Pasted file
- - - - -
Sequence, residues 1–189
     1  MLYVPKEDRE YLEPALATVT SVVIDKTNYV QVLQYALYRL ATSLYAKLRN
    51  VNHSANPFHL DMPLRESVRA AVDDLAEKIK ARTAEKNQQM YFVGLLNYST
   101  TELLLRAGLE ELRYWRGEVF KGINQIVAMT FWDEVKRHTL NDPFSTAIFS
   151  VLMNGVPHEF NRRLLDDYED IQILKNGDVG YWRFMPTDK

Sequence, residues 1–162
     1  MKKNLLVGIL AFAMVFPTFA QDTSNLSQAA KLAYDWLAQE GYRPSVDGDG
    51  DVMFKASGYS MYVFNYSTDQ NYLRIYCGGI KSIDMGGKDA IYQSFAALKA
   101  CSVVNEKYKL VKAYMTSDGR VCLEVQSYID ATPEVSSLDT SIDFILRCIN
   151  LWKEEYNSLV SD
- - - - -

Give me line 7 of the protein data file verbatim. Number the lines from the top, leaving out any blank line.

     1  MKKNLLVGIL AFAMVFPTFA QDTSNLSQAA KLAYDWLAQE GYRPSVDGDG